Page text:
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Phoenix/Scottsdale

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Phoenix Revival


When you gaze north from the 2,330-foot-high desert lookout in South Mountain Park, just seven miles from downtown Phoenix, you can’t miss the sparkle of the Southwest’s largest city. The sun reflects off skyscraper glass and steel in a blinding glare, and that’s exactly how city planners—and most Phoenicians—prefer it. To be distractingly shiny and new is the raison d’etre in the Valley of the Sun these days, even if it’s at the expense of historic landmarks and favorite old dives. 

This doesn’t mean that reinvention (or demolition) has been bad for Phoenix’s once crime-ridden downtown. After a $3 billion injection over the past several years, the area has been transformed. Tidy desert palms now stand sentinel on crowded city sidewalks beside renovated museums and new residential buildings. Busy weekend events—such as the Downtown Phoenix Public Market—have injected a foodie enthusiasm into a town once known primarily for steaks and chimichangas. And while there are still Western-wear shops and classic cowboy art, most locals prefer the edgy galleries and trendy boutiques that now inhabit the revived Roosevelt Street and Willo district storefronts.

It’s also in these neighborhoods—only a few blocks from the metro center—where history buffs have put their hearts. They’ve renovated 1920s bungalows, and the rise in population has brought an influx of shops and restaurants to nearby brick storefronts and warehouses. The revival doesn’t stop here. City parks and formerly dusty canal trails are now festooned with contemporary public art, inviting pedestrians and cyclists to wander through the warm desert nights.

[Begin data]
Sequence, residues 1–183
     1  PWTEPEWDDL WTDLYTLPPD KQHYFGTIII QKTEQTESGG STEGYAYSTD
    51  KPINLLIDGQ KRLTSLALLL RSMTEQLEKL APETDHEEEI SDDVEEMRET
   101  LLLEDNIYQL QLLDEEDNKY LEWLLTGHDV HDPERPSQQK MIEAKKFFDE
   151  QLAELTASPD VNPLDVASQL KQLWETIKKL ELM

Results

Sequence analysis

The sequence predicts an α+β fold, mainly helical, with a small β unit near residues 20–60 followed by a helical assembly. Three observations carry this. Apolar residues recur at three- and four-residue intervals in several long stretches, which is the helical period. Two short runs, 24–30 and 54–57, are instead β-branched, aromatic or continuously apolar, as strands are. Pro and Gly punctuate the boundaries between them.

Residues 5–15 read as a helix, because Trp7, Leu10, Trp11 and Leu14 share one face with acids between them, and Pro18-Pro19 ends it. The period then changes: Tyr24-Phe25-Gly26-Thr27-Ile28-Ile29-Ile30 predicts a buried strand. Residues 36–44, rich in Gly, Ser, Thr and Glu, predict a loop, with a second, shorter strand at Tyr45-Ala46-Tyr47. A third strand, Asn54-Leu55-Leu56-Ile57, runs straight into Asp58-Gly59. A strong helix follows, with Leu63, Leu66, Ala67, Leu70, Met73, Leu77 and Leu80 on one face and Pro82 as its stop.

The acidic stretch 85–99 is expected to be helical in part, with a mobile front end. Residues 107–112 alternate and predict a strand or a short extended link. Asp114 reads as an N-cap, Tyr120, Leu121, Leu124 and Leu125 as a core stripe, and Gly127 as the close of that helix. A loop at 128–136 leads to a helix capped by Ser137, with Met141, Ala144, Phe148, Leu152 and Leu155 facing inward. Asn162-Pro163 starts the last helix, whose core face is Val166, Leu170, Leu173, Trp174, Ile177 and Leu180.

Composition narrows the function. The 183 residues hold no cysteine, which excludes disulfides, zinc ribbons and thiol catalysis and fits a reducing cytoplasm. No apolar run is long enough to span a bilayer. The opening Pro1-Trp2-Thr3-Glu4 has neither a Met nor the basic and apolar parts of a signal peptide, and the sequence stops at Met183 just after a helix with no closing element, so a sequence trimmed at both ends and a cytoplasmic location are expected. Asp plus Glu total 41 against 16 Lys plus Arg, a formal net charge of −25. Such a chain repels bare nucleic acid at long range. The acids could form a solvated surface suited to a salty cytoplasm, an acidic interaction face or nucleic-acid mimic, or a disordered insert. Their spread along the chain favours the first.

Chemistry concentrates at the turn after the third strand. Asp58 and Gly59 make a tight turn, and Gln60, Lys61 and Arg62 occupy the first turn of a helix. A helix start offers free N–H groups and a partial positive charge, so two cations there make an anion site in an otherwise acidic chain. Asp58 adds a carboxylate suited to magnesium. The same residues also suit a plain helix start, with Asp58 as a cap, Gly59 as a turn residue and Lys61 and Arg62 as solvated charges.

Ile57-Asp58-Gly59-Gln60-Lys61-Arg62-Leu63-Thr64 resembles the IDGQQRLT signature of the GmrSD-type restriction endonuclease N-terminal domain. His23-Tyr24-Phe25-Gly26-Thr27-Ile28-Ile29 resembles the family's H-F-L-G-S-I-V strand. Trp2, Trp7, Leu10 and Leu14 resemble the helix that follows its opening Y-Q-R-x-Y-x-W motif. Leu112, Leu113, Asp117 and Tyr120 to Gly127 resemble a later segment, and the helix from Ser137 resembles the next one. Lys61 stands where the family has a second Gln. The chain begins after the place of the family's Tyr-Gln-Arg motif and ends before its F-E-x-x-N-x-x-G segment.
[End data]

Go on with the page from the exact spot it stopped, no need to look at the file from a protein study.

Though the water-hungry, climate-controlled valley has never been a beacon of environmental stewardship, sustainability is taking hold here. A light-rail line was recently completed, and Mayor Phil Gordon has announced plans to turn Phoenix into a solar city, starting with the area’s first solar power plant. Gordon also signed a development partnership last year with Dubai, hoping to learn some of the tricks of over-the-top reinvention from those arbiters of urban desert development. So if you don’t like something on this trip, come back in a year—it’s likely to have changed.

ROOM FOR A VIEW
To orient yourself to the massive Phoenix grid and get a sense of how far things have come, hike a mountain. Despite all the development, the city still has some of the wildest parks of any major metropolis in the country. You’re likely to encounter Gila monsters, blooming cholla cactus and even tarantulas only a few miles from downtown.

If a view and a workout are both on your agenda, head straight to the top of 2,608-foot Piestewa Peak via the steep, rocky 1.2-mile Summit Trail. As you admire the stately saguaros jammed into the mountain’s face, prepare to be overtaken by gasping trail-runners.

Piestewa’s summit has fine views of the city, but turn 180 degrees to look over the rest of the Phoenix Mountains Preserve. Here, meandering trails provide a Sonoran Desert primer as they disappear into rocky washes, climb challenging hills and pass groves of palo verde and mesquite trees. You can start from the same trailhead that serves Piestewa Peak, and then choose either the easiest or the longest trail, whichever suits your mood and ability.

For big and varied wilderness, drive to the southern edge of the city to find the massive South Mountain Park. Rent mountain bikes from Cactus Adventures or saddle up for a guided horseback trip with Arizona Horses to explore this vast area. For complete immersion, take a hike—there’s a good chance you’ll sneak up on chuckwallas, zebra-tailed lizards and desert tortoises along the six-mile loop on the National and Mormon Trails into Hidden Valley. Look for 1,000-year-old petroglyphs scrawled into the granite by Hohokam Indians.

IN THE NEIGHBORHOOD